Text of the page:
Toronto Canada

Tel: 1 (416) 360-0177

Pervin Family Business Advisors


Show Children – And Talk About – The Money

THE GLOBE AND MAIL – MANAGING – Thursday, July 8, 1999, B11

The daughter of a successful food industry entrepreneur remembers saving enough money as a child to buy a camera she desperately wanted.

Strangely, instead of congratulating her, the father became furious. "He had wanted to buy it for me, she says. "Love and power and money were all blurred and mixed up in our family. Dad would buy us things when he couldn't spend time with us."

Business families soon learn that wealth built through the business carries implications for the children. Some may become complacent, never learning their strengths and abilities because they never have to find out. For others, a parent's wealth may provide a target for the child to outstrip.

Or money and the child's inheritance may always linger as yet another weapon in a continuing struggle for control, as it did for the food industry scion. "There were always strings attached to the things my father did," the daughter recalls, "emotional strings that required people to continue doing things as he wanted them done."

These days, business families are becoming much more purposeful about handling wealth. It's a new frontier in middle-class business family life. Families tend to take much more care in deciding how the wealth generated by a family business will affect children.

"I think it's something that everybody who's successful in business faces sooner or later," says one family business leader. "How do you cash in on and share what you've built in the business without destroying the other investment — the one you've made in your children?"

The size and timing of the inheritance is one of the most explosive questions faced. Most parents want to give the children enough to meet their needs and expectations (especially if they brought them up to expect it). But how much is enough?

When you always get what you want just by asking, another heir says, an important step disappears — namely, having to wait for it or work for it. And that's the part that turns dreams into realities. The heir now wishes his parents had concentrated a little less on keeping him happy and a little more on building his character. He sounds a little like William Vanderbilt, heir to a $60-million family fortune, who said in 1885 that inherited wealth is as certain a death to ambition as cocaine is to morality.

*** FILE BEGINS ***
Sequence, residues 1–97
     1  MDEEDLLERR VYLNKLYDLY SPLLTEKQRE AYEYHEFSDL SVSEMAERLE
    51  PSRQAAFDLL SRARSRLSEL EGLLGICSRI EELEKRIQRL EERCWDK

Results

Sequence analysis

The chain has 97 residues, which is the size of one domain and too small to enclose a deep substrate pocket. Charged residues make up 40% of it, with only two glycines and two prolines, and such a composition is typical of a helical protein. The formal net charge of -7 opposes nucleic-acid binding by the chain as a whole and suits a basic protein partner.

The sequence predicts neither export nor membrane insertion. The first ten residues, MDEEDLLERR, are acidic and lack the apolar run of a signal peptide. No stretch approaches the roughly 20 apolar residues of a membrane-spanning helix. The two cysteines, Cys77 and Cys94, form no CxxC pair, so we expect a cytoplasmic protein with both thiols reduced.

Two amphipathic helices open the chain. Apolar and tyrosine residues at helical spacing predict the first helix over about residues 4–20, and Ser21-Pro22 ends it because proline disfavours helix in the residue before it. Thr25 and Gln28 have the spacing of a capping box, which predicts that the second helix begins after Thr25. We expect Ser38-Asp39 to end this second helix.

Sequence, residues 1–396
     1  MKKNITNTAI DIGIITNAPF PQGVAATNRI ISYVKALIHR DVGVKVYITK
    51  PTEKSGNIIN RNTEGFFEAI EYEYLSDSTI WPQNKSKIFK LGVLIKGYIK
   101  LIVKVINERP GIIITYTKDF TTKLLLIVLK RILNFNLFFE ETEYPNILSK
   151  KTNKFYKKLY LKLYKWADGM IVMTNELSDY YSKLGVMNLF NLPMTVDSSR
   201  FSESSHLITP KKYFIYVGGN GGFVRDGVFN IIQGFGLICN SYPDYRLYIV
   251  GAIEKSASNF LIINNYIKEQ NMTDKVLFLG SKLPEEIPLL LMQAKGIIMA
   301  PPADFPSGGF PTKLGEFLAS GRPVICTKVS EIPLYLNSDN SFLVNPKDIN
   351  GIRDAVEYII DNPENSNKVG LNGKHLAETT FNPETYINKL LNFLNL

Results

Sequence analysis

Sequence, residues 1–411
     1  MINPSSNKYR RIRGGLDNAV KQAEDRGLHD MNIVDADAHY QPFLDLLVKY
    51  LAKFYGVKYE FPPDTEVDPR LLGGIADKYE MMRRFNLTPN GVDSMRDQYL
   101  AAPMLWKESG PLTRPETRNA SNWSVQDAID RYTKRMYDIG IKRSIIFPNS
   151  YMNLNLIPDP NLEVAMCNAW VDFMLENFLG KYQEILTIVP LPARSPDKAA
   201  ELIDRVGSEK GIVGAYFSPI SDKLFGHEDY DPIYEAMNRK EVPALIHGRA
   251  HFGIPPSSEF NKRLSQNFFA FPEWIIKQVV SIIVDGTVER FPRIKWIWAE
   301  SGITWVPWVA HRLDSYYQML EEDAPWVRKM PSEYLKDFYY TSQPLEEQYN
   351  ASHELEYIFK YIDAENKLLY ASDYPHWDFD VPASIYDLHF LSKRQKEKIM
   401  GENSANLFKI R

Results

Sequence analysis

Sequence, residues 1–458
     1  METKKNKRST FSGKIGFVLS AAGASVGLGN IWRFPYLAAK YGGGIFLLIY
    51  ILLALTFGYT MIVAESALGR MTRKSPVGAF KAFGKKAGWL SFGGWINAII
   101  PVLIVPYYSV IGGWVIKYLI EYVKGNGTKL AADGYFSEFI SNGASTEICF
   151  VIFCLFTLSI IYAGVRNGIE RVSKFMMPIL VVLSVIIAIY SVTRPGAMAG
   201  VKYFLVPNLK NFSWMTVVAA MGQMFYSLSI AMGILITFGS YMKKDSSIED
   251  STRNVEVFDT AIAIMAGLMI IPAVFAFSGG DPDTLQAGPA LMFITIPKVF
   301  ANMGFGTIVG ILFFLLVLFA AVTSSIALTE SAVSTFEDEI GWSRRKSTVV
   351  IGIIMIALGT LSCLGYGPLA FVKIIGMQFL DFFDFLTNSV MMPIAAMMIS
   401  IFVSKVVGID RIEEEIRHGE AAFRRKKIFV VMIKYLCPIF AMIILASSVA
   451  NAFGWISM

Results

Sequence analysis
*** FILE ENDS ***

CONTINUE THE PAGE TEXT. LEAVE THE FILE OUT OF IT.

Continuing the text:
In most cases, however, upbringing overcomes wealth's corrupting influence. Even parents with more modest estates can help children establish a healthy work ethic and with it some perspective on the wealth they may inherit. Here are some basic rules of thumb:

Business families are becoming much more purposeful about handling wealth. It's a new frontier in middle-class business family life.

In other words, try and consider inherited wealth as just one part of a larger and longer-lasting legacy. What separates happy individuals from unhappy ones is self-esteem. If people have a sense of self-worth and fulfillment, money doesn't become a problem.

Additional Resources


Printer-friendly versionPrint Article

Return to the Library

Send this article to a friend

Items marked with an asterisk (*) are required.

Please send this article to the following person:

Please tell us who you are, so that we may tell the person who sent them the article.

If you like, you may also include a message.